(h/t: Overlawyered) We have previously covered the controversy surrounding the law suit filed by the University of Maryland's environmental clinic against the largest chicken processor in the state. (According to this U-Md site, the head of the clinic, Professor Jane Barrett, carefully made the decision to file the suit.) The industry pushed back with criticism and political muscle, but as has been true around the country when industry has attacked law school clinics, the U-Maryland law school clinic received support for its actions and was undeterred by the criticism.
Now the federal judge has ruled on the merits and was openly critical of the litigation strategy, the tactics, the failure to supply important evidence, the plaintiffs' witnesses, and the plaintiffs' decision to sue Perdue (the chicken processor). Having been a plaintiffs-side lawyer and being a firm believer in the efficacy of enforcement actions, I'm generally in favor of law school clinics bringing suits to right wrongs. But perhaps this litigation could be a case study to teach students how to bring such suits responsibly. The concluding paragraph:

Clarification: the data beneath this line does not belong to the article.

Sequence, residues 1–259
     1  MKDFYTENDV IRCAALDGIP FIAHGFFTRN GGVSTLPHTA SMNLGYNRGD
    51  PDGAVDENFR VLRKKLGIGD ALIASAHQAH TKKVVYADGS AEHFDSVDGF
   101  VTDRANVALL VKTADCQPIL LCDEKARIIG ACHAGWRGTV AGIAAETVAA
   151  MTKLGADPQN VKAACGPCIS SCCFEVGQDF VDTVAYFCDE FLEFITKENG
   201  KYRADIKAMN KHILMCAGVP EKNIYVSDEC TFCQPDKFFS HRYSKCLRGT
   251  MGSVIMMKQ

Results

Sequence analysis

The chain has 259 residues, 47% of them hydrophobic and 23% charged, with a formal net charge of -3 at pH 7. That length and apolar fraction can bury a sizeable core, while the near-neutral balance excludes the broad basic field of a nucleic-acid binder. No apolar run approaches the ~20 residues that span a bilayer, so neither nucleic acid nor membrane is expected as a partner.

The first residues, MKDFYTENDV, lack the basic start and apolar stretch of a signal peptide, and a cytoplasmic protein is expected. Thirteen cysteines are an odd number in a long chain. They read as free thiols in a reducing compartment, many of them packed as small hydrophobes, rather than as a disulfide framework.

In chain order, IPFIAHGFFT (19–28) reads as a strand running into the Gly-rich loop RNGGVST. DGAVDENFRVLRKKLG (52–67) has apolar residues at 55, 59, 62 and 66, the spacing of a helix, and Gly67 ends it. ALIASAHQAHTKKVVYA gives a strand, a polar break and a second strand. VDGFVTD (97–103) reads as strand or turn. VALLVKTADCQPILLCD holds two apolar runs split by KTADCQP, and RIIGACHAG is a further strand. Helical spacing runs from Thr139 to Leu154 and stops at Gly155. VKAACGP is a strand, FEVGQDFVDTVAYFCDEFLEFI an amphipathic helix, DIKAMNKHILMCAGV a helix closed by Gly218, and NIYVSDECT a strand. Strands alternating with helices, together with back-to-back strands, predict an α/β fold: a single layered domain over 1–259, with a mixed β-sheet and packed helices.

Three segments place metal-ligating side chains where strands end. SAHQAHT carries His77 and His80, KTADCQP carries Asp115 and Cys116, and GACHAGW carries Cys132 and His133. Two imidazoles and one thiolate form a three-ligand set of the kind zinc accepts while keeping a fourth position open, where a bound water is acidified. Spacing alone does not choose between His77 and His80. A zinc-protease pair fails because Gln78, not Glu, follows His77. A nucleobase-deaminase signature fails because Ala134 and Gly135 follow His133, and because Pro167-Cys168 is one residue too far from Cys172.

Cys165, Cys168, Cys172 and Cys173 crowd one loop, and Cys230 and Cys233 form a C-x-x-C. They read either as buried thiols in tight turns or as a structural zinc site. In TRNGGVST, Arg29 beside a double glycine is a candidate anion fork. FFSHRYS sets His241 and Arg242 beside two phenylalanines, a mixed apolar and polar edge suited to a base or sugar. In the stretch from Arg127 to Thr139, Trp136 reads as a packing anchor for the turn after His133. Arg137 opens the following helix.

The Court has no disagreement with Plaintiff that the Chesapeake Bay is an important and vital resource, that it is seriously impaired, and that the runoff from factory farms, including poultry operations, may play a significant role in that impairment. Nor does the Court disagree that citizen suits under the Clean Water Act can play a significant role in filling the void where state regulatory agencies are unable or unwilling to take appropriate legal action against offenders. When citizen groups take up that mantle, however, they must do so responsibly and effectively. The Court finds that in this action, for whatever reason, Waterkeeper did not meet that obligation.